Friday, September 13, 2013

Why I've been so quiet

Growing up in front of the TV as a kid, I was a sucker for hot new toy commercials. New Power Rangers Megazord? I need it! Dumb fighting robot rumble arena? Doesn't matter, this commercial rules and I have to have it! There was always rad music that got you pumped and lame special effects that were only passable to a 9 year old. Every once in awhile, when I was lucky enough to bring one of these toys home, I'd discover that it wasn't really as great as the commercial made it out to be. That kid actor was paid lots of money to look like he was having the time of his life playing with it -- and his hair was always soooo cool! Now that I owned the thing, I was jazzed for the moment, but sometimes left a little underwhelmed since the commercial hyped it up and raised my expectations. It wasn't actually what I wanted.

Okay, not the best example in the world... Point is, I'm currently running into the same problem where I started getting what I thought I wanted, and now I'm not really convinced that I want it anymore.

I came here to immerse myself in Hollywood, work on some movies, and eventually write my own. I reasoned that to mean I should get into production and be PA and work my way up to something better when the opportunity presented itself. At first, I couldn't find any paying work, so I PA'd for free on a few projects and those eventually led to my first paid PA gig. Short narrative, music video, commercial work -- I tried a little of each. Finally a little progress and a start, be it a small one. Problem: I just don't feel like it anymore.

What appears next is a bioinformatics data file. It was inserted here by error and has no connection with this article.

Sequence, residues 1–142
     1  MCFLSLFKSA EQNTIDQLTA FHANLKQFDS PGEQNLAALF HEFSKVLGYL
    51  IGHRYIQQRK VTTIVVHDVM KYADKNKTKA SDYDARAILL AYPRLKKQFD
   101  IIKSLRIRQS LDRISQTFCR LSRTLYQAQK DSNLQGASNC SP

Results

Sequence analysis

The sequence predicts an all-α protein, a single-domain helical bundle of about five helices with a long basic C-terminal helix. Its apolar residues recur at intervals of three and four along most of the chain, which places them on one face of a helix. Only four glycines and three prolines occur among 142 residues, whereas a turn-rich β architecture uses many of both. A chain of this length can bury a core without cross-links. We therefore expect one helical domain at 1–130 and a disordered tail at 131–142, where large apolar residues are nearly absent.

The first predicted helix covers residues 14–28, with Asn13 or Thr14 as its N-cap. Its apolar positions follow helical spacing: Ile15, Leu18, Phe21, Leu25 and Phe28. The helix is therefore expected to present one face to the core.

Here's what I discovered about myself while working on the past few projects;

1. I can't really handle 13-14 hour workdays, especially when sitting down is a no-no. I don't think I have the physical stamina needed for constantly lugging around heavy equipment while always being sleep deprived. Sue me.

2. I don't like being everybody's bitch, nor do I have thick enough skin that I'm okay with being consistently blamed for things that aren't my fault. I know this comes with the territory, as it does in plenty of other types of work, but I'm still not okay with being in a "Yes, master. It won't happen again." position.

3. I diligently observed and hung out with people from each department to try and decide which one I would like to transition into. Thing is, I don't want in on any of them. No grip, lighting, art dept, camera, script supervising, no nothing. I'm just not drawn to any of them enough for me to dedicate myself to one. Some are appealing, but at the end of the day I'd rather just write something and leave the production to the other guys.

4. Although the experiences had while making this stuff are often a once in a lifetime deal, the money doesn't change anything. If I still feel like shit at the end of the day and keep having to ask myself why I'm doing it, the whole thing just doesn't work out in my head. Being a freelance PA is great for gaining on set experience and getting exposure to other professionals in their element, but if I can't imagine myself having a future in production, the low rates aren't really enough for me to stick around.

5. Working a more consistent job while writing on the side just sounds so much more appealing than anything else. Coming home each night during an extended shoot means immediately collapsing into bed for an attempt to rest before the next call, leaving me no time to even think about the story I'm working on. Deal breaker.